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to grief, there was certainly a moral and legal responsibility on its part not to proclaim that it was a good, reliable pole when the slightest investigation or inspection would have revealed a contrary condition.
It is a matter of every day observation (and a melancholy one too) that Time with invisible hammer is constantly striking at every physical object seeking to reduce it to its original elements of unassembled atoms and particles. Dust to dust applies to telegraph poles, electric light poles, barber poles and gasoline stations, as well as to human beings. The defendant simply had no right to say to the world: This is a good, strong pole, when, through its agents and employes, it knew that the pole had been subjected to the freezing weather of twenty winters and the blistering heat of twenty summers, as well as the little fortuitous bumps, shoves and pushes of careless motorists and workers, which, through the years could amount to the cumulative battering strength of a sledge hammer blow.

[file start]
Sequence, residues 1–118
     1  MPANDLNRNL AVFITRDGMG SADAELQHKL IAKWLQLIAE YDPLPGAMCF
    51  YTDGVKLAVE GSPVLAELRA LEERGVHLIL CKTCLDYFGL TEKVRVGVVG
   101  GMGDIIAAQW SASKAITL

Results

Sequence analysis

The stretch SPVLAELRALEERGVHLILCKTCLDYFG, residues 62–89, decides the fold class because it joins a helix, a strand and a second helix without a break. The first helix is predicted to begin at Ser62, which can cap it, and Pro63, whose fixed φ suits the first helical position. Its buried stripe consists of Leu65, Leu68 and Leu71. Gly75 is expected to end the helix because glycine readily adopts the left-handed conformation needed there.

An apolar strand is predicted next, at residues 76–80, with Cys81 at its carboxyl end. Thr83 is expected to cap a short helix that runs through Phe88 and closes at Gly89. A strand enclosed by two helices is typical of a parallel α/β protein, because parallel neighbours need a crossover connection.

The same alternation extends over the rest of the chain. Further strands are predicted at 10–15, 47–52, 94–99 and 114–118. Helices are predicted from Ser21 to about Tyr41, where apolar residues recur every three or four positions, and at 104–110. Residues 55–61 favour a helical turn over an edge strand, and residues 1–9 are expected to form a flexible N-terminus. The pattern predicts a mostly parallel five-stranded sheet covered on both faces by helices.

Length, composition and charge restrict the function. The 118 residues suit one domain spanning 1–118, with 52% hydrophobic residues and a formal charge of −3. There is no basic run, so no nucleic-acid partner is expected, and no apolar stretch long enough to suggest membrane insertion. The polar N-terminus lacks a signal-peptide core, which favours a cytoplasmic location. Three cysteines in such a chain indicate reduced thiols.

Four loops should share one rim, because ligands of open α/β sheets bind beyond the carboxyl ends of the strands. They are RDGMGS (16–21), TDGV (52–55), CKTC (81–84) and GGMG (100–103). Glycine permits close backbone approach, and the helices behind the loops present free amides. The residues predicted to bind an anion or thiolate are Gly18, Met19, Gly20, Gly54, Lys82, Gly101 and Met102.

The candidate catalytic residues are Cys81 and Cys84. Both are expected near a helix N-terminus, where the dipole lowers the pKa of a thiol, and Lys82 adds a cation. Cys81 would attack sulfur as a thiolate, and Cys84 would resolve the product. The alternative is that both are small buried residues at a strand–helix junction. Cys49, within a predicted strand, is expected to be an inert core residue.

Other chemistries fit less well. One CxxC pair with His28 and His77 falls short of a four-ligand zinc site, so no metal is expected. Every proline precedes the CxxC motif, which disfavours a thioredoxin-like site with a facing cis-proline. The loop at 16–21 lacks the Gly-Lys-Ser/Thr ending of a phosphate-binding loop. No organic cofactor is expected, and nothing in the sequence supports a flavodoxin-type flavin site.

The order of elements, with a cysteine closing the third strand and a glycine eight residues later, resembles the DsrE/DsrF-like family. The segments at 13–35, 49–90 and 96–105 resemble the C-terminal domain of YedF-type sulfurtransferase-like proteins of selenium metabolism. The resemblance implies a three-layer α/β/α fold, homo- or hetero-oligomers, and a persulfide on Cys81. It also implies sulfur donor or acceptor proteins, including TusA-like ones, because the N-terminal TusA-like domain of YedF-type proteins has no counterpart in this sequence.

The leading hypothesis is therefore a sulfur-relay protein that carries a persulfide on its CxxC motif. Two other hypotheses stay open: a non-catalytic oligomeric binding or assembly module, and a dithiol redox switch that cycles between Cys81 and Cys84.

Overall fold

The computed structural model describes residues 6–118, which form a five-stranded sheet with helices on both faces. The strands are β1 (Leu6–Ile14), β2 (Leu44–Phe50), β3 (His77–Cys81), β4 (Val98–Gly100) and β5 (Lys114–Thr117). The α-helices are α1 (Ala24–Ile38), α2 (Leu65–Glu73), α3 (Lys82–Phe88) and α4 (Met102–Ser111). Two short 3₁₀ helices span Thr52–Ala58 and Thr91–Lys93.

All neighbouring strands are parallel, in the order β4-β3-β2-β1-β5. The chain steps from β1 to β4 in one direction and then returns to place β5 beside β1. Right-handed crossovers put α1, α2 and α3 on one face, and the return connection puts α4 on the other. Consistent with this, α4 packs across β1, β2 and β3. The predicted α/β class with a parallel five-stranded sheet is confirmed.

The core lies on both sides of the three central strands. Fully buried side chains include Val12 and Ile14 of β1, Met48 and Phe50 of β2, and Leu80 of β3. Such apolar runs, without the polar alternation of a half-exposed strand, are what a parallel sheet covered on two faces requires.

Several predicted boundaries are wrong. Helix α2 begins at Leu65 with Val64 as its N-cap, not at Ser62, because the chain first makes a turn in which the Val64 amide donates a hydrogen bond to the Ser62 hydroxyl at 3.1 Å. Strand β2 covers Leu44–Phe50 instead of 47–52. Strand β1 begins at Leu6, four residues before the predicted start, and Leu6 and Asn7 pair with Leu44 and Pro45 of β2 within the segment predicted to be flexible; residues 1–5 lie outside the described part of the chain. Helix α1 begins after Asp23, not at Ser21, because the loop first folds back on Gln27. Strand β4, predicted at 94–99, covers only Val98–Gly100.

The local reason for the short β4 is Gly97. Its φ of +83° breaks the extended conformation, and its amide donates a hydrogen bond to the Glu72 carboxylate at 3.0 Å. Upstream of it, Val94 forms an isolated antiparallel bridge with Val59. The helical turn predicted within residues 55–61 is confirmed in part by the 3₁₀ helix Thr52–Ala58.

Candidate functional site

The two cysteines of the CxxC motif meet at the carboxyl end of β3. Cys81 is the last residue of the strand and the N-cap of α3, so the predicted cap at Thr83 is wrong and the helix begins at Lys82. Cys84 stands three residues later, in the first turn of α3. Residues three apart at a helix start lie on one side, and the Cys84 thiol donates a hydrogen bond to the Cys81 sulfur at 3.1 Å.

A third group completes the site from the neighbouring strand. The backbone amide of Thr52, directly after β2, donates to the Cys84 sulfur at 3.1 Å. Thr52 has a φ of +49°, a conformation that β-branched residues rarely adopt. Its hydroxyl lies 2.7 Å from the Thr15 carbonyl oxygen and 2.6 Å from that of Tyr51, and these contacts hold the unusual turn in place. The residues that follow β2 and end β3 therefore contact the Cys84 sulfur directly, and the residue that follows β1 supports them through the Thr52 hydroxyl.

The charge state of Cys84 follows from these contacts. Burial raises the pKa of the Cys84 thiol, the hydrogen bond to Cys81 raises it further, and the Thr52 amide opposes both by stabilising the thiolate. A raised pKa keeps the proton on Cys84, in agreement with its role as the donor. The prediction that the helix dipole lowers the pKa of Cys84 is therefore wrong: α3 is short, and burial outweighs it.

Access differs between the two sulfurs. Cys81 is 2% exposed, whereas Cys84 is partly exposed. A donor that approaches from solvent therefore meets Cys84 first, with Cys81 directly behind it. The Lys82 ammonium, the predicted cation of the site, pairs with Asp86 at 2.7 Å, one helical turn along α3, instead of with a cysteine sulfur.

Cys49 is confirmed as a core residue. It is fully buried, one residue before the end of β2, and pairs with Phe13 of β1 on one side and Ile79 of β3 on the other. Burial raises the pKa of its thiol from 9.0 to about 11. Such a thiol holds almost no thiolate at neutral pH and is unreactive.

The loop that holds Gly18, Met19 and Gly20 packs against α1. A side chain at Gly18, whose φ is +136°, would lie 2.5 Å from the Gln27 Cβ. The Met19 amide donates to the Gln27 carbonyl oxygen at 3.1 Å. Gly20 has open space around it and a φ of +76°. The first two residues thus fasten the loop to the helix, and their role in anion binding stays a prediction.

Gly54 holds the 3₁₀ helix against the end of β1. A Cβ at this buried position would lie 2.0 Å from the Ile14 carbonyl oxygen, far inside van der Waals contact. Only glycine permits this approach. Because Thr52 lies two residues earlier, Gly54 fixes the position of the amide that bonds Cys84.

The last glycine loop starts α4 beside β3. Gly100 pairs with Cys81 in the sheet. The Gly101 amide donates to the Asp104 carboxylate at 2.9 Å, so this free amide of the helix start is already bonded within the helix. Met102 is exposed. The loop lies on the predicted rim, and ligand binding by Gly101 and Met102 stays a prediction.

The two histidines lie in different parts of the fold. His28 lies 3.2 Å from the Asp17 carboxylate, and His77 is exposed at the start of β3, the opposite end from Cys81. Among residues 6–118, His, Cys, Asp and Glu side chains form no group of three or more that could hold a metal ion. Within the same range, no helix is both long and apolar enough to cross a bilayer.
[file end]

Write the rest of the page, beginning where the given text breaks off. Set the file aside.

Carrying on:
Justice MAXEY in the case of Pope v. Reading Co., 304 Pa. 326, 333, sententiously summed up this factual legal phenomenon in the following language: "Negligence has been often and authoritatively defined as 'want of care under the circumstances.' The word 'circumstances' is comprehensive. It embraces the entire sum of the attendant facts, including the operation of the forces of nature so far as they bear upon or relate to the happening of the central event. A person is charged with ordinary knowledge of the workings of these forces, and his conduct, if it is to escape being stigmatized as wanting in care, must conform to the normal workings of the forces of nature...